J.P.Harris is an artist that I have always loved in every way, he plays COUNTRY. He doesn’t play any of the offshoot genres that are described by many. His new duet EP just recently cam out called “Why Don’t We Duet In The Road” and it includes “Golden Ring” with Kristiana Murray. I featured her at this past Muddy Roots.
This was a truly wonderful start to the Country portion of this show and did certainly whet our appetite for the main acts tonight. He opened with “Two For The Road” and went into “Oklahoma Is A Long Way Away” both from his first album he made, before going into a cover of “Why You Been Gone So Long”.
Mr. Joshua Hedley is a name YOU WILL hear more of on this website I PROMISE YOU. Now I took videos but I will not post them because these are new songs from an upcoming album. In fact I don’t even know the new song titles so I shall just speculate what they are.
His first one was perhaps the best called “Counting All My Teardrops” which not only showcased his vocals in a new and true form it embellished his lyrics really well. I was astounded by his ability to display his influences of traditional Country Music here. It resembled an old Conway Twitty song or the likes of that era song, but with a fresh new twist from a young man.
“Let’s Take A Vacation And Fall In Love Again” was well written and pleasant to listen to in a slew of hurting and heartache songs. “This Time for The First Time” was another truly fine song from the forthcoming album as well as “You’ll Be Better In The End”. AGAIN these are ONLY speculations on the names as SOOMN as I learn some information on this album it WILL be featured on here. He closed with “When You Wish Upon A Star”.
Bobby Bare was pretty much regarded as the original Outlaw of the 1970’s and is credited with ushering in the Outlaw Movement. Muddy Roots has featured him many times in the field, and as he walked out onto that stage and stood in that circle he gazed upon the crowd and said “Well I guess I had better sing some songs, huh”?
Standing brazenly in front of his band with age and growl in his voice he began with “I Wanna Go Home”, and went into “Winner” which had the crowd going on his trademark wild story songs like this one.
He went into “Streets Of Baltimore” and his equally famous trademark song “Dropkick Me Jesus”. I tell you what on so many classic songs from his past the enthusiastic audience sang along with every note he did, as he displayed ageless delivery of every note. Time has not faltered this Legend in any way but positively making his lessons of mistakes in life even more convincing. The stories and pictures painted by these old Outlaw songs of days gone by are many and vivid to someone like me.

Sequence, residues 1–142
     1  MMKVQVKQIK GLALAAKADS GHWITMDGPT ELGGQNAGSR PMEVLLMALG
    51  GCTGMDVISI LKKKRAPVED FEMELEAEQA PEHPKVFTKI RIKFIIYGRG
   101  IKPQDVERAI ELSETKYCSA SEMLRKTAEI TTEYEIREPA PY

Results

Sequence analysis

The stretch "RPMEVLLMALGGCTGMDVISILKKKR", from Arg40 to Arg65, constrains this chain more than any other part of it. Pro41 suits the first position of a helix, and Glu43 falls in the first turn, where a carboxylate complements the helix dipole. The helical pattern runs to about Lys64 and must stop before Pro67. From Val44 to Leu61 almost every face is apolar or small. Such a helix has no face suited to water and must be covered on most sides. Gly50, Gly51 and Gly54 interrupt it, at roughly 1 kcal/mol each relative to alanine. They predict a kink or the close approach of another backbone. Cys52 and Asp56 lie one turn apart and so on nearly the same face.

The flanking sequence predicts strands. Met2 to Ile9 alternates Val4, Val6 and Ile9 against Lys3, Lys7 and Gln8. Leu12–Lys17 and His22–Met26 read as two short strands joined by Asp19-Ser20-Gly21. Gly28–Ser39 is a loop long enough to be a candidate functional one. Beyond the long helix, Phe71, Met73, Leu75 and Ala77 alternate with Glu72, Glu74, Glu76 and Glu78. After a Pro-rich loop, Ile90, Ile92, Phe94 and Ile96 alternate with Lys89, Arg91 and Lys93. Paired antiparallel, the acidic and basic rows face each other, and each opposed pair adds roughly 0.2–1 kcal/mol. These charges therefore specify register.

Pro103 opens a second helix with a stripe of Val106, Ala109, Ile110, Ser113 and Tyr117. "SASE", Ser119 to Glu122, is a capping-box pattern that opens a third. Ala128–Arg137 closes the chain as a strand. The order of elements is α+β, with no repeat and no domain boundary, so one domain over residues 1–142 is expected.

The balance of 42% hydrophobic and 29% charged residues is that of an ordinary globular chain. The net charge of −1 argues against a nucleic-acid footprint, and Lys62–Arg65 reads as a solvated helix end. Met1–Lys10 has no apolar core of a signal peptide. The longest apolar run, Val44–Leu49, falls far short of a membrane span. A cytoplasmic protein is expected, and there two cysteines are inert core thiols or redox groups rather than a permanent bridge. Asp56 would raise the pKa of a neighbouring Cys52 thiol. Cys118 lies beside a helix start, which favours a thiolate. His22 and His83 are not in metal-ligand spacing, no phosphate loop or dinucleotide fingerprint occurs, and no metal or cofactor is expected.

“500 Miles” and “Four Strong Winds” were next followed by “Margie’s At The Lincoln Park Inn”. He stopped every couple of songs to tell jokes and share witty smart assed quips and one liner jokes. Before going into Shel Silverstein’s song “Still Gonna Die” off the Old Dogs album he made with Mel Tillis, Waylon and Jerry Reed. Mr. Jerry played on all of Bobby Bare’s classic albums, having helped Mr. Bobby’s career out immensely.
“That’s How I Got To Memphis” was second to closing along with “Marie LeVeaux” his only number one hit song, although he had many Top tens in his four decade career. And as he releases his new album soon called “Things Change” I see nothing changing for this man. Hopefully he will be around with us for many many years to come, because we need him.
Jerry Jeff Walker has brought Country Music so many songs I couldn’t even begin to name them all, and tonight as he performed his first Nashville set in twenty seven years he was just grateful to be there. “You Called Me out here to yell at me huh?” as people yelled out songs they wanted to hear.
As he opened with “Gettin By” and went into “Pickup Truck Song” he also displayed that time has not faltered his voice any, nor has it dented his ageless wit. He remain the same precise and crafted tunesmith we all know and love. He is the true last of his ilk the Townes Van Zandts and Tompall Glasers of his era probably survived only by Kristofferson and Mr. Tom Ghent. Mr. Jerry Jeff is the last of the breed, in every sense of the word.
He played the classic song “Navajo Rug” next along with one of his most popular songs “Mr. Bojangles” and followed that with “Trashy Women” that was recorded by Confederate Railroad”. That to me was a classic album for sure, in every sense of the word.
He took his long sleeve shirt off and decided to stay awhile before playing “Derby Day” and got ready to treat us to another set of classic songs here. He went into “Leaving LA Freeway”, and told some stories before going into the song “My Favorite Picture Of You” and more!
“The Cape” was next followed by one Miss Sunny Sweeney just cut called “I Feel Like Hank Williams Tonight”, along with his most noted rowdy bar anthem called “Up Against The Wall” made popular by Ray Wylie Hubbard. This truly was indeed a grand second set he played tonight here, and next he played “Those Were The Days”.
His encore included “The Armadillo Song” “Good Hearted Woman” and another song called “Little Bird”. There were four or five songs I missed while writing notes down and jotting things down on various places in my books. I know he played a Rusty Weir song as well, and once again received another standing ovation here at the Opry tonight.
Last year the Chris Issak show was truly enjoyable but THIS show was indeed the crown jewel of all Muddy Roots performances in my opinion. There has been many many Legends play in the field, at the Boogie and the Spring Weekender. In my opinion this one was the best I have ever had the pleasure to witness, and left me absolutely speechless. I had to wait a few days to even write words about this one folks it hit me that hard.